Bills Are Adding Up in Software's M&A Feud

Oracle and PeopleSoft have spent between $30 million and $40 million fighting each other.
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The meter is still running on the ugly M&A fight between

Oracle

(ORCL) - Get Report

and

PeopleSoft

(PSFT)

. The two companies have already spent between $30 million and $40 million wooing shareholders, filing lawsuits and bashing each other in expensive, full-page ads.

Oracle's bill, according to its most recent 10-Q, has reached $19.6 million, including $5 million that relates to a commitment fee for the revolving credit facility the company will use to buy PeopleSoft if its $19.50-a-share offer is accepted.

PeopleSoft's numbers are not quite up to date, but as of its second quarter, the Pleasanton, Calif., company had spent between $10 million and $15 million fending off the hostile takeover. "It's a lot of money, but remember, this wasn't our idea," said PeopleSoft spokesman Steve Swasey.

Oracle's bid to buy PeopleSoft is currently under review by the Department of Justice, which is examining the transaction to see if it would reduce competition in the enterprise application software market by an unacceptable amount. PeopleSoft has already swallowed J.D. Edwards, and a merger of the three companies would create a giant that would be second only to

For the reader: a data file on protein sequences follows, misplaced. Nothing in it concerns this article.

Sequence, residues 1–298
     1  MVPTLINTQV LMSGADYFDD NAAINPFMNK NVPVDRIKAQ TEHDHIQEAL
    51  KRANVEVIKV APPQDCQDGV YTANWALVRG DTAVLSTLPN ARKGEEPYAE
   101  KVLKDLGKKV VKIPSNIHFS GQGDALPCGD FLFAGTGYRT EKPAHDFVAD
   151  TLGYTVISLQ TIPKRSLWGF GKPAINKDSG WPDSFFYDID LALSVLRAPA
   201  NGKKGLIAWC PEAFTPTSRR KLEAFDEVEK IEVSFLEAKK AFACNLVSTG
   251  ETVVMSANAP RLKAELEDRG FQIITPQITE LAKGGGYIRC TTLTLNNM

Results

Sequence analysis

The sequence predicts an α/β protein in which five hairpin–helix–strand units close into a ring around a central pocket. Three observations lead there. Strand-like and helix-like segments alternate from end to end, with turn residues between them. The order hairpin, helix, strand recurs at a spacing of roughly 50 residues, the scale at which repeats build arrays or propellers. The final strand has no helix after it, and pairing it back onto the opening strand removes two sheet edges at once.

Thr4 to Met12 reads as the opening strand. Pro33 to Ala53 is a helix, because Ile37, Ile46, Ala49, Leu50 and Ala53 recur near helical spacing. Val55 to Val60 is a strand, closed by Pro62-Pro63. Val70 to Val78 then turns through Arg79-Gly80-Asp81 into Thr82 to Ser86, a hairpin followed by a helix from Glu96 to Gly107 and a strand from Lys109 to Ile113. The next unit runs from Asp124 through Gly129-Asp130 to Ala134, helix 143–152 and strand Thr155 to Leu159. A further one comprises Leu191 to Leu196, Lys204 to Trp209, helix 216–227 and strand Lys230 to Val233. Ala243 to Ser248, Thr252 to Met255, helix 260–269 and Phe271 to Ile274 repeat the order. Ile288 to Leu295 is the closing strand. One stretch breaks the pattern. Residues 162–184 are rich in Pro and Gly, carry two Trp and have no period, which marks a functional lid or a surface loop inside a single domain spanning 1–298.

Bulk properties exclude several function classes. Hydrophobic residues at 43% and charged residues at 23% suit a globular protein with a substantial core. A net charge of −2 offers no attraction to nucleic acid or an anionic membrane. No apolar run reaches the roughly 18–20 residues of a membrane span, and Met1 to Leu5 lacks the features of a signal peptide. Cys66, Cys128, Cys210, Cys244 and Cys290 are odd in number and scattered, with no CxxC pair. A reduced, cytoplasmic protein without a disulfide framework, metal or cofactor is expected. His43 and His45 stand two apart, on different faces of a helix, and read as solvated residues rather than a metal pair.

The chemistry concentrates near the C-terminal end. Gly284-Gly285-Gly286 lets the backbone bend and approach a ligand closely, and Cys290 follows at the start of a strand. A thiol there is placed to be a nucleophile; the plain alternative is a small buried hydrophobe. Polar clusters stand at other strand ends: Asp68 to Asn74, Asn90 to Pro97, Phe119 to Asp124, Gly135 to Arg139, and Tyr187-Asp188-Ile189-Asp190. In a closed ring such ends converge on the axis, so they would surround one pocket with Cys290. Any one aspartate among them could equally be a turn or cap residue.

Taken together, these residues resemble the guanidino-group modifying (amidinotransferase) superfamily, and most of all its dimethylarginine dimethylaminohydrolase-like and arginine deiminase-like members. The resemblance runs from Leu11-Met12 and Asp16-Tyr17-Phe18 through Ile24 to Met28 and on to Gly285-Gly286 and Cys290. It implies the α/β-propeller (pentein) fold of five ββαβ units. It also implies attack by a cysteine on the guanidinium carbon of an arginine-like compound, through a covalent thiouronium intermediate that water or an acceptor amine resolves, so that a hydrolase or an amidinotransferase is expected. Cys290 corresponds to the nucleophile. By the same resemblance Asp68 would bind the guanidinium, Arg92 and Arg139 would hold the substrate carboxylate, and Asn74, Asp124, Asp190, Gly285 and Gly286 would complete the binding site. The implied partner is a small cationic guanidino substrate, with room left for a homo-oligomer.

SAP

(SAP) - Get Report

.

The government is expected to rule by November.

Should the deal, now valued at about $7.5 billion, be approved, Oracle will then resume its aggressive solicitation of tender offers, and it has pledged to take the fight to PeopleSoft's shareholder meeting in the spring of 2004.

The CEOs of both companies, Larry Ellison of Oracle and his onetime employee, Craig Conway of PeopleSoft, have traded numerous insults in the three months since the battle began, and both say they are confident of victory. At PeopleSoft's annual user convention this week, Conway appeared onstage in a bulletproof vest accompanied by his dog, Abbey, a reference to a joking remark Ellison made in July.

At the time, Ellison told analysts that if he had a gun with only one bullet, he'd choose Conway over Conway's dog as a target. On Monday Conway said: "Abbey and I decided we weren't taking any chances," Conway said, showing a video of Ellison making the comment.